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Articles » Society » Has the Designated Driver Program Been Effective

Has the Designated Driver Program Been Effective

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By StraightDUI Staff on 10/16/2007

Did you know that drunk driving is the number one committed violent crime in American today? More importantly, nearly 17,000 Americans are killed and more than 500,000 are injured each year in alcohol-related traffic crashes. Additionally, drunk driving costs Americans more than $50 billion each year in economic losses. Each year, police arrest over 1.5 million drivers for driving under the influence of alcohol and on an average day, 46 people die in alcohol-related traffic crashes, accounting for nearly 40% of traffic deaths. Since 1999 America has experienced a 5% increase in alcohol related vehicular fatalities. To alleviate the problem, Designated Driver Programs have become very popular.

How Designated Driver Programs Began

As a means of resolving drunk driving, the Designated Driver Program was started at the Jay Winsten’s Harvard Center for Health Communication. The program was found through an activity discovered in Scandinavia where one person in a group would refrain from drinking in order to drive. The project was a genuine breakthrough for public health and marked the first time that a health institution joined forces in a project of such magnitude.

Does the Designated Driver Program Work?

The term “Designated Driver” became a household phrase in the U.S to such a huge extent that the term appeared in the 1991 Random House Webster’s College Dictionary. In fact, public opinion polls have widely accepted the designated driver concept. According to the Roper Poll, a large archive of public opinion data, the proportion of Americans serving as designated drivers reached 37% in 1991 and among Americans under the age of 30, 52% had actually been designated drivers. The Wirthlin Group, specializing in polls reported that nearly 9 out of 10 respondents in the country gave it a favorable rating of 81 on a 100-point scale. The Designated Driver Program actually rated higher than all other programs or industries rated.

The Definition of Designated Driver Program

The simplest way to define what the “Designated Driver Program” entails is an individual within a group of people drinking alcoholic beverages at some type of event or establishment who pledges to remain sober and then drive the group home after the event. In support of the program, some establishments offer free non-alcoholic drinks to the designated driver. Some colleges and even high school organizations offer to give free rides home on weekend nights to fellow students that have been drinking. When the program first began, Mother Against Drunk Driving (MADD) opposed the concept primarily because it enabled people to continue drinking, but it now supports designated driving.

Numerous Businesses Involved in Designated Driver Programs

Today, there are numerous businesses across the US involved in designated driving programs. Some transport drivers using one of three methods: car, collapsible scooter or foldable bikes. NightRiders, Inc. was the first U.S. designated driver for hire, using collapsible, motorized scooters. Drivers would drive customer’s home in their own vehicles, stowing scooters in the customer’s trunk. Upon arrival of the customer’s destination, the driver collected the fare, assembled the scooter and rode off to the next customer. Another successful designated driver company was founded in 1998 and is based in Las Vegas, NV. The company uses two person teams where one person drives the impaired individual in their own vehicle and another person follows. And a company in Washington, DC uses foldable bikes for the last mile of transportation to and from public transportation.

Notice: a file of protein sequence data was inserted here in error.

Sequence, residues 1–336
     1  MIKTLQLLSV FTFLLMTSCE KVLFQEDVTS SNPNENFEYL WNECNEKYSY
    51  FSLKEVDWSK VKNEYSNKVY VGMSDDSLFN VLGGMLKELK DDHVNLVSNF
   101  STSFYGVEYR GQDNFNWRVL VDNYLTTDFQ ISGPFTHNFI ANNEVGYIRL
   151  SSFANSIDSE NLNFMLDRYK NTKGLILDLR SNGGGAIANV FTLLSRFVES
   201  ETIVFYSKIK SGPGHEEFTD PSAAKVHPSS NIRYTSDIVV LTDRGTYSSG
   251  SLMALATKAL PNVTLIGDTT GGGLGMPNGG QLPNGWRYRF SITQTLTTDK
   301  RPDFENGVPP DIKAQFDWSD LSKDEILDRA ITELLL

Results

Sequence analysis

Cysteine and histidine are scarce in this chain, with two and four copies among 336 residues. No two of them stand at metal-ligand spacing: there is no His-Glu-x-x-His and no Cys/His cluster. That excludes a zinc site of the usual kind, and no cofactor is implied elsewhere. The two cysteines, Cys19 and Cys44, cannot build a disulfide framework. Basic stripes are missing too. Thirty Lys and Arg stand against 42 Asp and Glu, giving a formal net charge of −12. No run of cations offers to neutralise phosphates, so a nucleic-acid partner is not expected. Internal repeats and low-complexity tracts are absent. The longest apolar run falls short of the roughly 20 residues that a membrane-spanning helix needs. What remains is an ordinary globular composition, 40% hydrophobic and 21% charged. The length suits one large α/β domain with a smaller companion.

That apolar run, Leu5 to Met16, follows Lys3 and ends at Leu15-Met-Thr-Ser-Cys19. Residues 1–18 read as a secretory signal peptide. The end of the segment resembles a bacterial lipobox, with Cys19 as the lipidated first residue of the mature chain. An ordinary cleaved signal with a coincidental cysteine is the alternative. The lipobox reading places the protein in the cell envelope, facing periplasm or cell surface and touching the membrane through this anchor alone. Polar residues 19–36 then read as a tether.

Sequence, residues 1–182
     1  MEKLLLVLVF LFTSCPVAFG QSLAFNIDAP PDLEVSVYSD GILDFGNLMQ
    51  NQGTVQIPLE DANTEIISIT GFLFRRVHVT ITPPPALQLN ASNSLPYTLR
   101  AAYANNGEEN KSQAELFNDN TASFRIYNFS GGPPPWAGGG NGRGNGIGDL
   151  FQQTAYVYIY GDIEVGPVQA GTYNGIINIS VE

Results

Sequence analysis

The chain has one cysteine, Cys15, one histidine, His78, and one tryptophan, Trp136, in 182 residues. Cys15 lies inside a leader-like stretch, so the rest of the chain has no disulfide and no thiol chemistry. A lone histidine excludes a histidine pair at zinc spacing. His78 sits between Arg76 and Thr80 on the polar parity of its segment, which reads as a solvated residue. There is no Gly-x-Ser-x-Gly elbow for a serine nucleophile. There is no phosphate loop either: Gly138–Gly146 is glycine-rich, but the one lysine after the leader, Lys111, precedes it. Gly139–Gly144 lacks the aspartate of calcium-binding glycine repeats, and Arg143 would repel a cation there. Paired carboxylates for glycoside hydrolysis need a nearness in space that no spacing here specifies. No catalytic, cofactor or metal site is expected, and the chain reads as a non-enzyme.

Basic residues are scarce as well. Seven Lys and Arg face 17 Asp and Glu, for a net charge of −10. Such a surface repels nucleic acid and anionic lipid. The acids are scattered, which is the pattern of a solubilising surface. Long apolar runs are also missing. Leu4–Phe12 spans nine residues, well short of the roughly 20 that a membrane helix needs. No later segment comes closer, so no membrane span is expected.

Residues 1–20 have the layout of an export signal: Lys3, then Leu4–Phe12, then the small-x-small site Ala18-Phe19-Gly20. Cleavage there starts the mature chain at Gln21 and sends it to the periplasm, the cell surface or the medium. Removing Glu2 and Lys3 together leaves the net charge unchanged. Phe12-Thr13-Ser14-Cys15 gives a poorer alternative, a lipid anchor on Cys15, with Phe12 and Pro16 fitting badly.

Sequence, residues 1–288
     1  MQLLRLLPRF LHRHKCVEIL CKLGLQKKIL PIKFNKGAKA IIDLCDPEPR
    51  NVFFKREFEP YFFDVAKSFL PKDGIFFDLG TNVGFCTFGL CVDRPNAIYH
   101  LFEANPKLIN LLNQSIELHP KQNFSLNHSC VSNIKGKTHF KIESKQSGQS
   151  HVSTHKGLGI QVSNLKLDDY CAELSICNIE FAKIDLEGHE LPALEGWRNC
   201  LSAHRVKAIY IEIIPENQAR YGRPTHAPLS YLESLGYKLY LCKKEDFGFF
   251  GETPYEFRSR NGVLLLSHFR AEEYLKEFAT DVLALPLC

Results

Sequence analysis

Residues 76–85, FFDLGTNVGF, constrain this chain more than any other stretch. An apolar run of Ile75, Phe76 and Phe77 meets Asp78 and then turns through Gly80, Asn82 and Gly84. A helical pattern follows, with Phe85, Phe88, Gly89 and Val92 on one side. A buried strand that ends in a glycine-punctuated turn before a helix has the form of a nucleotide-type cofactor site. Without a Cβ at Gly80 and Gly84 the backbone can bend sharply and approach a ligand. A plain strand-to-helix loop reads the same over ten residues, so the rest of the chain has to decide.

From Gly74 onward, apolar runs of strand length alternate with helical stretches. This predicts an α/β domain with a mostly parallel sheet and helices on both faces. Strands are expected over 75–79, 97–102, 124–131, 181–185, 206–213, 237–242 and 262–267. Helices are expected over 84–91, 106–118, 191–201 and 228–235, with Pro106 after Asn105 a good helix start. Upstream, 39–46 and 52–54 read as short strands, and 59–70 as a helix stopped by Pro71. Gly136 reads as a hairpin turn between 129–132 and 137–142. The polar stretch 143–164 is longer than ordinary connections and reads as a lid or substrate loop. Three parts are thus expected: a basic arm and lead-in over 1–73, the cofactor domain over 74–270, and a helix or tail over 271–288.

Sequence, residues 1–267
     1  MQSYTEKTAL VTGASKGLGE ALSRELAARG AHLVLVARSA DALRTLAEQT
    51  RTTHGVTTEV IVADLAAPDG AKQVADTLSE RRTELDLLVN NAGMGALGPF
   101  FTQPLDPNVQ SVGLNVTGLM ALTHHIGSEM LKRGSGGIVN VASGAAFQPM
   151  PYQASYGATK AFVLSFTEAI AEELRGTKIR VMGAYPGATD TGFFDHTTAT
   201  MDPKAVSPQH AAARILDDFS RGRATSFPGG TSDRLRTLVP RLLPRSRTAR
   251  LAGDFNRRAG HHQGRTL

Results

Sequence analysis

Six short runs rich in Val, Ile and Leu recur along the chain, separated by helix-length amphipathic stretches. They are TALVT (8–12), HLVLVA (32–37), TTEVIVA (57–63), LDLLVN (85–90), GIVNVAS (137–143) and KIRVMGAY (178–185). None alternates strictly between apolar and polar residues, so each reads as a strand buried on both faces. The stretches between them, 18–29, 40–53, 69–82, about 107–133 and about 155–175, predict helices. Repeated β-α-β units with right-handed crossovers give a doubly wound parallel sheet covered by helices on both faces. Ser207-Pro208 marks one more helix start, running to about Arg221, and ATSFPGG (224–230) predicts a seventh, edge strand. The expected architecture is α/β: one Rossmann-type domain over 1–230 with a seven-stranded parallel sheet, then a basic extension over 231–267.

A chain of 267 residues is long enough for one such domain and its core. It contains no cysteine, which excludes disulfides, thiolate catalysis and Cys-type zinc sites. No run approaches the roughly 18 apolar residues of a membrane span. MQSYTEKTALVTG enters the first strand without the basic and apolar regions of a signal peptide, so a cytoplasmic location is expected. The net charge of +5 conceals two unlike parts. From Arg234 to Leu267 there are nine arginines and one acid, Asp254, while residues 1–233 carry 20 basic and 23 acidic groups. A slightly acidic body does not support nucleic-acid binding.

The Benefits of a Designated Driver Program

Combined with highly visible law enforcement, a Designated Driver program gives people the information they need to make informed choices thereby seeking alternatives to driving while impaired. Designated Drivers are effective because many of the risks related to impaired driving are removed. In fact, nine out of 10 Americans who participate in social events where alcohol is available believe that people should use Designated Driving programs.

Requirements as a Designated Driver

As an anti-DUI effort, the Designated Driver Program works well because it encourages individuals to abstain from consuming alcoholic beverages during an outing so that he or she can be responsible for transporting other members of the group safely. To become a designated driver an individual must meet the following criterion

  • The Designated Driver should be at least 21 years of age and must possess a valid drivers license.
  • They must be part of a group of two or more persons and verbally identify themselves as the designated driver to the server.
  • They must abstain from consuming alcoholic beverages for the duration of the outing.
  • They must not be an otherwise impaired driver.
  • They must understand that management reserves the right to refuse service to anyone at anytime.

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